Last revised April 2002

About the Pullman Human Rights Commission


What Can You Do?


Opportunities to 
Promote Human Rights


Legal Definitions


Resources

Contact Us
  • Contact Person: 
    David Stiller
  • Phone: 
    (509) 334-7868
  • Email: 
    mailto:hrc@ci.pullman.wa.us
  • Mail: 
    Pullman Human Rights Commission
    PO Box 3074 CS
    Pullman, WA 99165
     
 

Ten Ways to Fight Hate
 A Community Response Guide

All over the country people are fighting hate.  Standing up to hate mongers.  Promoting tolerance, acceptance and inclusion.  The Southern Poverty Law Center recently published a community response guide to fight hate.  This guide sets out ten principles for fighting hate along with a collection of inspiring stories of people who acted, often alone at first, to push hate out of their communities.  Their efforts usually made smaller headlines than the acts of the haters, but they made a difference.  The steps outlined in this guide have been tested in scores of communities across the U.S. by a wide range of human rights, religious and civic organizations. 

One person, acting from conscience and love, can neutralize bigotry.  A group of people can create a moral barrier to hate.

Ten Ways to Fight Hate:

  1. ACT      Do something.  In the face of hatred, apathy will be interpreted as acceptance—by the haters, the public, worse, the victim.  Decency must be exercised, if it isn’t, hate invariably persists.
     
  2. UNITE      Call a friend or co-worker.  Organize a group of allies from churches, schools, clubs and other civic sources.  Create a diverse coalition. Include children, police and the media.  Gather ideas from everyone, and get everyone involved.
     
  3. SUPPORT THE VICTIMS      Hate-crime victims are especially vulnerable, fearful and alone.  Let them know you care.  Surround them with people they feel comfortable with.  If you’re a victim, report every incident and ask for help.
     
  4.  DO YOUR HOMEWORK      Determine if a hate group is involved, and research its symbols and agenda.  Seek advice from anti-hate organizations. Accurate information can then be spread to the community.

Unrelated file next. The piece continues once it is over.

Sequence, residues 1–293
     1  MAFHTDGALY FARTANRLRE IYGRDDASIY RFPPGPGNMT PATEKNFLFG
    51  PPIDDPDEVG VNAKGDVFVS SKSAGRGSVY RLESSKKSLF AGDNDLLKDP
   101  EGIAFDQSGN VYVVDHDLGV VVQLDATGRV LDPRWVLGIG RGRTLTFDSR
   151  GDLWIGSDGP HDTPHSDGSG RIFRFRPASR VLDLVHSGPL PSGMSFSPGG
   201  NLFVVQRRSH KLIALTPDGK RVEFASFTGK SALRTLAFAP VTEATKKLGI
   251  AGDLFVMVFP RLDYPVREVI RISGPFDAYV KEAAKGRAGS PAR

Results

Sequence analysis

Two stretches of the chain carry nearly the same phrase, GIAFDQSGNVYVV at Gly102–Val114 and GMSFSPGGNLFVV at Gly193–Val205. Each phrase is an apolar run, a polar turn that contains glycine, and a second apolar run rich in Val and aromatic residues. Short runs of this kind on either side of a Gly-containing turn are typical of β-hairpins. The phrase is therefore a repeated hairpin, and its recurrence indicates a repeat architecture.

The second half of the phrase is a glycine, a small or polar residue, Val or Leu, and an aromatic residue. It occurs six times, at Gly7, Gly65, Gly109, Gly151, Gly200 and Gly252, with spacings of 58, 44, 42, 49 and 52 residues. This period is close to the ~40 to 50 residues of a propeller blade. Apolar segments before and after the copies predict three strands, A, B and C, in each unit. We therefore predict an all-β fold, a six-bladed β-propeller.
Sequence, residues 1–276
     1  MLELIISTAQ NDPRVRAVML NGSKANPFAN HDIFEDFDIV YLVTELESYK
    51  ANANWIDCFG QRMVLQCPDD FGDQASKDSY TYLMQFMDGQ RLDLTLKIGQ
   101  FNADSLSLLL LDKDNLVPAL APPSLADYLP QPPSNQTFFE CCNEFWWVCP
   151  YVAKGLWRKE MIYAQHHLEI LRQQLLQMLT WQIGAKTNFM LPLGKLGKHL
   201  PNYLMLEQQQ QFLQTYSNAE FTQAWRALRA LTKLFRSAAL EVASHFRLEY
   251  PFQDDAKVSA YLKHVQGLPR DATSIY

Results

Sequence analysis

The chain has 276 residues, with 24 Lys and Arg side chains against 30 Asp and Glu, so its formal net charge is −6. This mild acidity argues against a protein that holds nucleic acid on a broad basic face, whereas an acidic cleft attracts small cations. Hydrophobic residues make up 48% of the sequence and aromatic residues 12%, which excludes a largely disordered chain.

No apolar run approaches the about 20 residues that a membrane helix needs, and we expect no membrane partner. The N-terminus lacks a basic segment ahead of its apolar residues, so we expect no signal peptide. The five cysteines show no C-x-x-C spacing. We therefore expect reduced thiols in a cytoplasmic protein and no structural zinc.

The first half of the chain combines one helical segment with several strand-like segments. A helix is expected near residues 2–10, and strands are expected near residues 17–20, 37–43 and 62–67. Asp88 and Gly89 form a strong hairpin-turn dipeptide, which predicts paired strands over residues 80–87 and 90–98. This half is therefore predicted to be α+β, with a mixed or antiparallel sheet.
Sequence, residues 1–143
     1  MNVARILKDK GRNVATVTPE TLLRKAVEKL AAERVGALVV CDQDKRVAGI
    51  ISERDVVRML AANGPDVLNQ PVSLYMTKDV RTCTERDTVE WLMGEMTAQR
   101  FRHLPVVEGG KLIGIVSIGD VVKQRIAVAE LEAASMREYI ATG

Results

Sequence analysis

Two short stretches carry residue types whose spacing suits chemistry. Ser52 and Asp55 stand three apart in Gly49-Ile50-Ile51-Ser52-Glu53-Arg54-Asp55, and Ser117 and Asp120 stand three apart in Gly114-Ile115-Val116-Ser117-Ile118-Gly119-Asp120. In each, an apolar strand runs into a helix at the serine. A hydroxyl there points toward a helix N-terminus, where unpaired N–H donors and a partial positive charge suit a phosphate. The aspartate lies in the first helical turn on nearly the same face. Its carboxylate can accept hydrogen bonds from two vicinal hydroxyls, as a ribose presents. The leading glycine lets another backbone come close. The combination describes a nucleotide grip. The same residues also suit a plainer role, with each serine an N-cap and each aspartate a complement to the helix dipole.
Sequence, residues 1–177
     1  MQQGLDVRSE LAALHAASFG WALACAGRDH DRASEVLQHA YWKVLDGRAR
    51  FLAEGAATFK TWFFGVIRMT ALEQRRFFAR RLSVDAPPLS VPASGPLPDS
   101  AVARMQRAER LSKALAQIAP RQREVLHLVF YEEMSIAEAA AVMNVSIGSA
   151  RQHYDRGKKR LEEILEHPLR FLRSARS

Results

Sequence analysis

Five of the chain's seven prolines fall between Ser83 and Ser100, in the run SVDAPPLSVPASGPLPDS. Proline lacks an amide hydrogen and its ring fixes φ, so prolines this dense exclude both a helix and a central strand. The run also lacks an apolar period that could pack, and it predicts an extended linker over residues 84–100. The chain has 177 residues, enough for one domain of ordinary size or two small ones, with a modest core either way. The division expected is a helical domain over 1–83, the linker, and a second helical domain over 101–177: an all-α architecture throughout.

5. CREATE AN ALTERNATIVE         Do NOT attend a hate rally.  Find another outlet for anger and frustration and people’s desire to do something. Hold a unity rally or parade.  Find a new hook, like a “hate-free zone.”
     
  6. SPEAK UP      You too, have First Amendment Rights.  Hate must be exposed and denounced.  Buy an ad.  Help news organizations achieve balance and depth.  Do not debate hate mongers in conflict-driven talk shows.
     
  7. LOBBY LEADERS      Persuade politicians, business and community leaders to take a stand against hate.  Early action creates a positive reputation for the community, while unanswered hate will eventually be bad for business.
     
  8. LOOK LONG RANGE          Create a “bias response” team.  Hold annual events, such as a parade or culture fair, to celebrate your community’s diversity and harmony.  Build something the community needs.  Create a Web site.
     
  9. TEACH TOLERANCE          Bias is learned early, usually at home.  But children from different cultures can be influenced by school programs and curricula.  Sponsor an “I have a dream” contest.  Target youths who may be tempted by skinheads or other hate groups.
     
  10. DIG DEEPER      Look into issues that divide us; economic inequality, immigration, homosexuality.  Work against discrimination in housing, employment, and education.  Look inside yourself for prejudices and stereotypes.


Obtain a full text of the Community Response Guide from your local library or access the Southern Poverty Law Center web site: http://www.splcenter.org/